Analysis: Riding in the back wasn't popular, but it was the smart move

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Analysis: Riding in the back wasn't popular, but it was the smart move
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Oct 23, 2016, 11:59 PM

Joe Gibbs Racing’s plan to have its top three drivers in the Chase standings ride around in the back of the pack most of the race at Talladega was probably a smart one, but it certainly wasn’t aesthetically pleasing.

Brad Keselowski, Team Penske Ford leads
Carl Edwards, Joe Gibbs Racing Toyota
Kyle Busch, Joe Gibbs Racing Toyota
Carl Edwards, Joe Gibbs Racing Toyota
Matt Kenseth, Joe Gibbs Racing Toyota
Matt Kenseth, Joe Gibbs Racing Toyota
Start: Martin Truex Jr., Furniture Row Racing Toyota leads

Nor did it win over many NASCAR fans, who were not already fans of the JGR organization. There was even a smattering of complaints on social media from fans of some of the drivers involved over their decision not to compete for the win.

Before the race, the teams of Matt Kenseth, Kyle Busch and Carl Edwards decided their best strategy to advance to the Round of 8 in the championship Chase was to run in the back and avoid the big accidents that typically plague races at Talladega.

As it turned out, there never was a “Big One” – a wreck that collects much of the field – and all three of the drivers moved on to the next round.

JGR driver Denny Hamlin, whose points position was much more precarious at the start of the day, pretty much had to fend for himself running up front and joined his teammates thanks to his third-place finish and a tiebreaker over Austin Dillon.

“We don’t like to race like that, but it’s like Matt said, ‘It’s the hand your dealt.’ You don’t want to give it up and we played it right,” Edwards said after the race. “We went back forth on what we should do.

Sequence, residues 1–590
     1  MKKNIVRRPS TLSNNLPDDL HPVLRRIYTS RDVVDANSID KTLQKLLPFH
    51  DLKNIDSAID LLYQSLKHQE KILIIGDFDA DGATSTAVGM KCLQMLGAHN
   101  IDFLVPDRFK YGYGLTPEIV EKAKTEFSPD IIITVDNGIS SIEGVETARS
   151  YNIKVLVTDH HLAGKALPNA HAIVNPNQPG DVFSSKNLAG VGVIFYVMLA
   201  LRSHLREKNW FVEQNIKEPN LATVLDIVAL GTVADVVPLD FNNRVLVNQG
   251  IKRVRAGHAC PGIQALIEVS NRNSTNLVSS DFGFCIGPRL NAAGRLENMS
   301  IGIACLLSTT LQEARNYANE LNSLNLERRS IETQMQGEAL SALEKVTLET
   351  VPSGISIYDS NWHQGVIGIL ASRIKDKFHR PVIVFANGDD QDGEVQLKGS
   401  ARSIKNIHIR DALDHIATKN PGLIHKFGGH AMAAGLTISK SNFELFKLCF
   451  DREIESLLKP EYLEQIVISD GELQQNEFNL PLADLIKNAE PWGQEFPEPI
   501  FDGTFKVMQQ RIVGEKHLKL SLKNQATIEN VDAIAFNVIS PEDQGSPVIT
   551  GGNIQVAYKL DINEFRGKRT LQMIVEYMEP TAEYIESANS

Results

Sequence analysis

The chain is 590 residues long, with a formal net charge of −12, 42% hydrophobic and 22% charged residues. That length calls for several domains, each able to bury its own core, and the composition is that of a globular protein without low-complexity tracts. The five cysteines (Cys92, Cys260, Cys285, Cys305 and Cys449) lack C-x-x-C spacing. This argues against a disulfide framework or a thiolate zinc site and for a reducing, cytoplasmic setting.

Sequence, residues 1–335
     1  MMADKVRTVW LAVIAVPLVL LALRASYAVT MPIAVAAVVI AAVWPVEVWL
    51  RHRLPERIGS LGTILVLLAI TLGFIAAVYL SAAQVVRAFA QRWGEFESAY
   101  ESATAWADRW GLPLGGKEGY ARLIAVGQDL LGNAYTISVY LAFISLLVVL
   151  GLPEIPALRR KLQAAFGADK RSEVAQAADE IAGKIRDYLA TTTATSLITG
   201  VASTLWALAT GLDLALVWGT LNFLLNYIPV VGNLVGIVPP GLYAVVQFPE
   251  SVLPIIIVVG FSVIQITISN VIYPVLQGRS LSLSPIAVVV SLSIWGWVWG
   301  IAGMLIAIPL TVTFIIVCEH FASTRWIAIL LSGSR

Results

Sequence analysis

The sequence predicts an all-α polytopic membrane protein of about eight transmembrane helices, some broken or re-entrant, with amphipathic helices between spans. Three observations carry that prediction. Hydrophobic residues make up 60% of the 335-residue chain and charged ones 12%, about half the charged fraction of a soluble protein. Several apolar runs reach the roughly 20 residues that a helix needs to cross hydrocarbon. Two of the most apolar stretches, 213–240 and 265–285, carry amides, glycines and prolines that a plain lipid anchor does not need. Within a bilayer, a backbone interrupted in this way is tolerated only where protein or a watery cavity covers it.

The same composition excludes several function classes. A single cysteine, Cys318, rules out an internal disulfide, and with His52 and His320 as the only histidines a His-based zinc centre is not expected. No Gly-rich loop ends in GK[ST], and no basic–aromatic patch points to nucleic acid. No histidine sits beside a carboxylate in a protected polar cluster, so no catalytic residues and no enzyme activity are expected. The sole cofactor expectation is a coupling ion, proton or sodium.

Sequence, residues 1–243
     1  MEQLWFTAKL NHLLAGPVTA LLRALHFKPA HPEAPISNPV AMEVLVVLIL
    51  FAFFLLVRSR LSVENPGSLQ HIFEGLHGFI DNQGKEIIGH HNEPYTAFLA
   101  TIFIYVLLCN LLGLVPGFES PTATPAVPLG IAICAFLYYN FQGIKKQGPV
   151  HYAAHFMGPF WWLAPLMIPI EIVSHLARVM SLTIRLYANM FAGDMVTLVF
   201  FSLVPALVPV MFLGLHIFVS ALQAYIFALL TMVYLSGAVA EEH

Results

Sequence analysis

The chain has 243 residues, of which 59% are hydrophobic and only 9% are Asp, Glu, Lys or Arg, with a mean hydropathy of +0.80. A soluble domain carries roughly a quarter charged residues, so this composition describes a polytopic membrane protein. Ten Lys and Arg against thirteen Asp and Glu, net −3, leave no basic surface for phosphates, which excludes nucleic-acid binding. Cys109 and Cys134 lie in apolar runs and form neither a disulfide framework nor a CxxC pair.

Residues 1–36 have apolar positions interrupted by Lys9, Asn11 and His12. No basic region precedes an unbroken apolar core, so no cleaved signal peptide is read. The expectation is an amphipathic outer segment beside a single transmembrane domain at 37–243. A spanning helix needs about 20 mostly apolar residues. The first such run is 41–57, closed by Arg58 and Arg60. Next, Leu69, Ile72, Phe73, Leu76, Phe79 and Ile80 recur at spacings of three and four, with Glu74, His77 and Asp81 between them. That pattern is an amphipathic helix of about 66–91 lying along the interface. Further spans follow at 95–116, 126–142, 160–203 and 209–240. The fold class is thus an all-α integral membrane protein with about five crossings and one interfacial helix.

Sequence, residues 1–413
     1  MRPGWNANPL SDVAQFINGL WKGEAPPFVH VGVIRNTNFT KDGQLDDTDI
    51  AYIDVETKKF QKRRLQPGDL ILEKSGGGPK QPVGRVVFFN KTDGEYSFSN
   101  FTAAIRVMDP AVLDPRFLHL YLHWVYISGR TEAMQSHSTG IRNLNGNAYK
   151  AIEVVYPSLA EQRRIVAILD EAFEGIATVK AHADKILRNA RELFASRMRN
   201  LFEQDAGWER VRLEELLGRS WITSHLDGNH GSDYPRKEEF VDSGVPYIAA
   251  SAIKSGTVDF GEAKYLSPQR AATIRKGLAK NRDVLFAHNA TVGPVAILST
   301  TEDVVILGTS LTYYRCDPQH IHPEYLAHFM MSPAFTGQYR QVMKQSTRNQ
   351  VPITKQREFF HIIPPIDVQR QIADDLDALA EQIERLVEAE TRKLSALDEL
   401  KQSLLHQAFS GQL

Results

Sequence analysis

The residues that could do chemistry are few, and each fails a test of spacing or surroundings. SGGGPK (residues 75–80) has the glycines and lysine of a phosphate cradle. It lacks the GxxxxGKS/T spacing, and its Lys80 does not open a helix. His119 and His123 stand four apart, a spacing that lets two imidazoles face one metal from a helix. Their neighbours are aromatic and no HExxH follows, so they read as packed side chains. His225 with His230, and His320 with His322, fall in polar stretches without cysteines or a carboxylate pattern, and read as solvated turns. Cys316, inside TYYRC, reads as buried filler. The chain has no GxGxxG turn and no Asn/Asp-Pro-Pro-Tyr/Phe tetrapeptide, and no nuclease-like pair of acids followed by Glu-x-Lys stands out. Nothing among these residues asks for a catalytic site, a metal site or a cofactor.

“This is what we have. Don’t mistake with what we did today with being easy or simple. That’s hard to do. Actually at the end we were at very high risk. It’s tough.”

Edwards said there is a natural inclination with drivers to compete for every position on the track and it took enormous discipline to avoid abandoning the plan when an opportunity to advance presented itself.

“The downside of playing it safer, like we did, is that you can get wrecked like that, too. Then, you just played it safe and got wrecked – that’s terrible two ways. That’s not what we want,” he said.

“You really have to be smart and you have do it the whole time. It’s really hard. And there is still nothing guaranteed.”

Edwards is right.

Despite the complaints after the race, there have been numerous incidents of drivers getting caught up in wrecks that were trying to “ride out” the race in the back of the field. It’s not an uncommon practice in superspeedway racing – Chase berths on the line or not.

Because the plan actually worked to perfection in this instance, it’s getting a fair share of criticism. Had the JGR drivers involved competed for the win all day but wrecked out while attempting to win the race, some of the same fans criticizing now would have criticized them for attempting moves that were “not necessary.”

The bottom line of the current Chase format is based on surviving and advancing. There is no championship to be won unless you earn the right to compete for it in the season finale at Homestead-Miami Speedway.

There is nothing wrong with getting there in any legal method allowed under the rules.

“It’s frustrating, but to have a dull day today it’s certainly going to make for a heck of a lot more exciting days down the road,” Busch said.

The reward is being able to race on and go into the next round and have a chance to race for another championship.”

It may not have won any public relations battle, but JGR’s plan paid off to perfection on Sunday.

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Hamlin advances into the Round of 8 via tiebreaker

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